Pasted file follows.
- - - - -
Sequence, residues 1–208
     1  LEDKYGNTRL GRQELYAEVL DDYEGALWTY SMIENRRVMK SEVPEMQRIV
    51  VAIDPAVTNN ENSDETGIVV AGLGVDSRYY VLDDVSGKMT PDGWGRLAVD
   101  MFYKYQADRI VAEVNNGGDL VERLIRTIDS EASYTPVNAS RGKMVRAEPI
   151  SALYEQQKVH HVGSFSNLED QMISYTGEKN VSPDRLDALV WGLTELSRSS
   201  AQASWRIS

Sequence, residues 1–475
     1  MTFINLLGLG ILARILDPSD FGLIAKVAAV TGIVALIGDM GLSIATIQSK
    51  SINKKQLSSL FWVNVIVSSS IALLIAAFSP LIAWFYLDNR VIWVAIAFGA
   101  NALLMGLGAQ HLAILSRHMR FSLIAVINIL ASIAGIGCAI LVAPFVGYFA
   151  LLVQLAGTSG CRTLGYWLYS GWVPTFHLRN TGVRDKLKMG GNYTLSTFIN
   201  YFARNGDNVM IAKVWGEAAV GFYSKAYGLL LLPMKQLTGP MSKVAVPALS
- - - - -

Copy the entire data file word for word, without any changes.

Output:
Sequence, residues 1–208
     1  LEDKYGNTRL GRQELYAEVL DDYEGALWTY SMIENRRVMK SEVPEMQRIV
    51  VAIDPAVTNN ENSDETGIVV AGLGVDSRYY VLDDVSGKMT PDGWGRLAVD
   101  MFYKYQADRI VAEVNNGGDL VERLIRTIDS EASYTPVNAS RGKMVRAEPI
   151  SALYEQQKVH HVGSFSNLED QMISYTGEKN VSPDRLDALV WGLTELSRSS
   201  AQASWRIS

Sequence, residues 1–475
     1  MTFINLLGLG ILARILDPSD FGLIAKVAAV TGIVALIGDM GLSIATIQSK
    51  SINKKQLSSL FWVNVIVSSS IALLIAAFSP LIAWFYLDNR VIWVAIAFGA
   101  NALLMGLGAQ HLAILSRHMR FSLIAVINIL ASIAGIGCAI LVAPFVGYFA
   151  LLVQLAGTSG CRTLGYWLYS GWVPTFHLRN TGVRDKLKMG GNYTLSTFIN
   201  YFARNGDNVM IAKVWGEAAV GFYSKAYGLL LLPMKQLTGP MSKVAVPALS